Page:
Carter, R.W.G., T.G.F. Curtis, and M.J. Sheehy-Skeffington. 1992. Coastal dunes geomorphology, ecology and management for conservation. A.A.

Chambliss K., D.D. Hott, and M.H. Slotkin. 1998. Public Goods, Biodiversity, and Municipal Land Acquisstion: Reflections of the Environmentally Endangered Lands (EEL) Program in Brevard County, Florida. Presented at 23rd Annual Conference Association of Private Enterprise Education, Dallas, Texas 11 pp.

Fernald, R.T. 1989. Coastal xeric scrub communities of the Treasure Coast Region, Florida: A summary of their distribution and ecology, with guidelines for their preservation and management. Florida Game and Fresh Water Fish Comm. Nongame Wildlife Pgm. Tech. Rep. No. 6. Tallahassee, FL. 113 pp.

Florida Natural Areas Inventory, Department of Natural Resources. 1990. Guide to the Natural Communities of Florida. Publication. 11pp. Tallahassee, FL.

Komar, P.D. and Moore, J.R., editors. 1983. CRC handbook of coastal processes and erosion. CRC Press, Inc. Boca Raton, Florida.

Komar, P.D. 1998. Beach processes and sedimentation, 2nd edition. Prentice Hall, Upper Saddle River, New Jersey.

Myers, R.L. and J.J. Ewel, eds. 1990. Ecosystems of Florida. University of Central Florida Press, Orlando, FL. 765 pp.

Oertel, G.F. and M. Lassen. 1976. Developmental sequences in Georgia coastal dunes and distribution of dune plants. Bull. GA. Acad. Sci. 34: 35 - 48.

Otvos, E.G. 1981. Barrier island formation through nearshore aggradation -
stratigraphic and field evidence. Mar. Geol. 43:195-243.

Packham, J.R. and A.J. Willis. 1997. Ecology of dunes, salt marsh and shingle. Chapman and Hall, London.

Pethick, J. 1984. An introduction to coastal geomorphology. Edward Arnold, London.

Pilkey, O.H. and M.E. Feld. 1972. Onshore transport of continental shelf sediment: Atlantic southeastern United States. In: Swift, D.J.P., D.B. Duane and O.H. Pilkey, eds. Shelf Sediment Transport: Process and Pattern. Dowden, Hutchinson, Ross. Stroudsburg, PA

Robinson, Tami L., and Lisa H. Smith. 1996. Regional conservation of the imperiled scrub ecosystem in Brevard County, Florida. Brevard County Parks and Recreation Department, Environmentally Endangered Lands Program, Viera, FL. Internet document available at:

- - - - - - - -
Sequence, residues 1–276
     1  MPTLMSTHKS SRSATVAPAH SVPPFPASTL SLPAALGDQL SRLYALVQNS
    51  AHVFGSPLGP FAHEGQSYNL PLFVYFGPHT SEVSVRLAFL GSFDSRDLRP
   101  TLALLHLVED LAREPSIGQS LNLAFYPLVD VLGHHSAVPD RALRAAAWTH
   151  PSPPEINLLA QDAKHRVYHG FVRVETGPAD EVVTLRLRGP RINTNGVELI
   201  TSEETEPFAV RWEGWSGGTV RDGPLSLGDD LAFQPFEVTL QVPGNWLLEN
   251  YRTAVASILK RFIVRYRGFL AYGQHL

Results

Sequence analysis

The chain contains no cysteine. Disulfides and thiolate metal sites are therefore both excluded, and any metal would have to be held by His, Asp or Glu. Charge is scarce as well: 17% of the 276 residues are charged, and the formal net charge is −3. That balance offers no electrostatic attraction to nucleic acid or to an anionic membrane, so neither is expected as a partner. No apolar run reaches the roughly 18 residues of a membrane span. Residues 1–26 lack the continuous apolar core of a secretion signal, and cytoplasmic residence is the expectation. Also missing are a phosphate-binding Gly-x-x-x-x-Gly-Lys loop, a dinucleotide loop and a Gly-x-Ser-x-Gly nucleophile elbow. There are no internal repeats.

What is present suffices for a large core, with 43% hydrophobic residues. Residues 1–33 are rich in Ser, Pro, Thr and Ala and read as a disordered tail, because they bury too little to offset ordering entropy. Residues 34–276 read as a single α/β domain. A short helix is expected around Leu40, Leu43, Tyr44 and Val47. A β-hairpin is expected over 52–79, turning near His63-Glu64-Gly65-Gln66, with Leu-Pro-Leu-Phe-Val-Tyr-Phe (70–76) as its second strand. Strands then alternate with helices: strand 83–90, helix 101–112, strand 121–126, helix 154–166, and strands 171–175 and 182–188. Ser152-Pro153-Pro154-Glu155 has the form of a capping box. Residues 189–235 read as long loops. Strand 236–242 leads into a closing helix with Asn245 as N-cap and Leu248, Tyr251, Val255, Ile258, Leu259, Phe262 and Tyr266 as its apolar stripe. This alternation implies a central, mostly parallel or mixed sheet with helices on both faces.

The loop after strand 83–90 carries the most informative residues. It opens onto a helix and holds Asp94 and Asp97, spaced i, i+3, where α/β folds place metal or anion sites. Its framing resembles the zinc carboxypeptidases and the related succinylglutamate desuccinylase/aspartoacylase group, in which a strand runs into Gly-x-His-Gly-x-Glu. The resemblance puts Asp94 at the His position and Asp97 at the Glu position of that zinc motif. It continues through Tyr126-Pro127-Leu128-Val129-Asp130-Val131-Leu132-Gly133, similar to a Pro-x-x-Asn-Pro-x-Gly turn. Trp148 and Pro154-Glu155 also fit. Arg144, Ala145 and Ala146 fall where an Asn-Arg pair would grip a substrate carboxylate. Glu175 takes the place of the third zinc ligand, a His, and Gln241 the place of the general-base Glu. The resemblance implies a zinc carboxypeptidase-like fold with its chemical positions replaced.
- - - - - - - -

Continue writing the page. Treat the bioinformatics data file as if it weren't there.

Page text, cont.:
Schmalzer, P.A. 1995. Biodiversity of saline and brackish marshes of the Indian River Lagoon: historic and current patterns. Bulletin of Marine Science 57(1): 37-48

Schmalzer, P.A., B.W. Duncan, V.L. Larson, S. Boyle, and M. Gimond. 1996.
Reconstructing historic landscapes of the Indian River Lagoon. Proceedings of Eco-Informa '96. 11:849 - 854. Global Networks for Environmental Information, Environmental Research Institute of Michigan (ERIM), Ann Arbor, MI

Stalter, R. 1976. Factors affecting vegetational zonation on coastal dunes, Georgetown County, SC. In: R.R. Lewis, and D.P. Cole, eds. 3rd Proc. Annu. Conf. Restoring Coastal Veg. Fla. Hillsborough Comm. Coll., Tampa, FL

Stalter, R. 1993. Dry coastal ecosystems of the eastern United States of America. In: Ecosystems of the World. Volume 2. Elsevier Science Publications, New York, NY.

Swain, H., P. A. Schamlzer, D. R. Breininger, K. Root, S. Boyle, S. Bergen, S.
MacCaffree. 1995. Appendix B Biological Consultant's Report. Brevard County Scrub Conservation and Development Plan. Dept. Bio. Sci., Florida Institute of Technology., Melbourne, FL.

Tyndall, R.W. 1985. Role of seed burial, salt spray, and soil moisture deficit in plant distribution on the North Carolina Outer Banks. Ph.D. Thesis, University of Maryland, College Park, MD.

Wagner, R.H. 1964. The ecology of Uniola paniculata L. in the dune-strand habitat of North Carolina. Ecol. Monogr. 34: 79 - 96.